Making Curriculum Pop


World History

Mongol is a rather violent film about Genghis Khan, but certainly we can use clips from films like this to make our history curriculum pop!

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Latest Activity: Mar 30, 2020

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Comment by William Zimmerman on March 12, 2013 at 9:29am has published a special free printable for Women's History Month at

It asks: Imagine that you could talk with any woman in history whom you admire. Who would that be and what would you say to her.

You are welcome to print it out and also pin it on your Pinterest page. Hope you will share with your students. 

Comment by Katherine Bolman, PhD on November 25, 2012 at 7:57pm might interest one or another of you. My strong suggestion is that if you start to read one of the units have paper and pencil at hand and write down the answer to the questions. Try it and I would love to hear from one of you.

Comment by Ryan Goble on October 12, 2011 at 6:54pm
Flocabulary - you can post those up above in the discussion forum so they don't get buried on the walls and they are shared in our Week In Review e-mails.  Great resources!  Ry:)
Comment by Flocabulary on October 12, 2011 at 11:11am
If you teach about Modern World History, we are releasing 14 new songs this month. Five are out so far, including the Age of Exploration, Conquistadors, French Revolution, Industrial Revolution and Imperialism. And they are free this week:
Comment by Ryan Goble on December 14, 2010 at 2:27pm

Hi World history folks - I posted this in music for now but you might want to add your world history tunes to the playlist...

CROWDSOURCE PLAYLIST! - World History & Music


Comment by Ryan Goble on August 27, 2010 at 5:33pm
Thanks for sharing this Melissa!
Comment by Melissa Motes on August 27, 2010 at 5:22pm
I posted this info on the Asian cultures group... I received this information from the National Council for Social Studies listserv... Just in case anyone was interested in this professional development opportunity.

My name is Nallely Arteaga and I am the outreach assistant at USC U.S-China Institute. I want to extend an invitation for educators and teachers to apply to the NO COST East Asia Pre 1800 Seminar, a professional development opportunity provided by USC U.S. – China Institute. Below is further information that can be forwarded or shared with colleagues, and teachers. We highly encourage educators to promote this FREE professional development opportunity, as it is for the benefit of all in the educational system. Thank you in advance.

USC U.S. – China Institute (USCI) / National Consortium for Teaching about Asia (NCTA)
EAST ASIA Pre 1800
NO-COST Professional Development Seminar for K-12 Teachers

September 28 - November 30, 2010
UTLA Building, Los Angeles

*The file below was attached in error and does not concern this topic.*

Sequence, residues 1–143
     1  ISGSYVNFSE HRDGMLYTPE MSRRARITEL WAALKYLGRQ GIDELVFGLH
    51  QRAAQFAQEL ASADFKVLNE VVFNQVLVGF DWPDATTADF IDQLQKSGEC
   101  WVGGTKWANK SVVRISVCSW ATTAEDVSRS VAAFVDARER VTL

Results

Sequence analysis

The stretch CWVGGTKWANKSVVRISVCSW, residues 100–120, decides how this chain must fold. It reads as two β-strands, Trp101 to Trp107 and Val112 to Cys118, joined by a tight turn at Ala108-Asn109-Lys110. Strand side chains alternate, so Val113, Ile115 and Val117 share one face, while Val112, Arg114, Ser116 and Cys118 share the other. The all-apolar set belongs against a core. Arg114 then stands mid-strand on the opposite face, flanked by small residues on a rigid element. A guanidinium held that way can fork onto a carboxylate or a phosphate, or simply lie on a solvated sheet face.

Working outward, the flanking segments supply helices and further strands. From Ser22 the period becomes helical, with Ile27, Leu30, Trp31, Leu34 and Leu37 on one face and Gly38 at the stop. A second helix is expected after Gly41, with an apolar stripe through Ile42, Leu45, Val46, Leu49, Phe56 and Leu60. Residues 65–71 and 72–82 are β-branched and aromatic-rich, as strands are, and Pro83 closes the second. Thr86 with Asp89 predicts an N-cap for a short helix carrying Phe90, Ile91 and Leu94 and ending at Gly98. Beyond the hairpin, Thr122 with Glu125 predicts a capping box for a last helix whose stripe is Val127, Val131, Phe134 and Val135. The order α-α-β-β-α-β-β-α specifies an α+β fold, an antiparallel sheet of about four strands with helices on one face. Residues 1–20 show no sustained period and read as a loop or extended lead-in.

The USC U.S. – China Institute (USCI) and the National Consortium for Teaching About Asia (NCTA) provide no-cost professional development opportunities for K-12 educators interested in learning more about East Asia.

The seminar will present a survey of modern China, Japan and Korea, covering the social, political and economic developments of each country from 1800 to the present.

Individuals successfully completing all seminar requirements (curriculum project, short essay and web discussion forum participation) will receive:
- $500 stipend
- Free resource materials
- USC Rossier School of Education Continuing Education Units (can be applied towards salary scale advancement) OR LAUSD salary points (if applicable)

Seminar sessions will meet on ten consecutive Tuesday evenings from 5:00 to 8:00 pm from September 28 to November 30, 2010 and one Saturday from 9:00 am to 4:00 pm at the UTLA building (detailed schedule information available on seminar webpage). For these meeting days, participants will be provided with free parking and complimentary refreshments.

How to APPLY:
Go to the USCI/NCTA Fall 2010 “East Asia Pre 1800” UTLA seminar webpage at:

Application DEADLINE:
Seminar applications will be accepted until Friday, September 17, 2010. We will admit participants upon receipt of applications.

More information can be found in the attached files or by calling
213-821-4382 or

Nallely Arteaga
K-12 Outreach Program
USC U.S. - China Institute
3535 S. Figueroa Street, FIG 202
Los Angeles, CA 90089-1262
United States of America
Phone: 1-213-740-1307
Fax: 1-213-821-2382
Comment by Ryan Goble on August 19, 2010 at 7:12am
Jeremy - interesting idea re: the film Mongol. I think that would be a great assignment for the AP set!
Comment by Jeremy Greene on August 18, 2010 at 11:05pm
Mongol can be wonderfully combined with the concepts of "blood" and "salt" as shown in Stewart Gordon's chapter "Blood and Salt" (about Babur) in his wonderful When Asia Was the World
I use it for extra credit for World History AP (WHAP). Students write where and how they see the concepts play out in Mongol.
Comment by Ryan Goble on January 17, 2010 at 12:41pm
Hello everyone!

Some folks in the Graphic Novels group are looking for history related graphic novel suggestions...

If you have a hot minute, please check out...

Looking for recommendations: Comics for 9th grade Global Studies cl...

World War II in Comics (and vice-versa)

Thanks (in advance) for your ideas!

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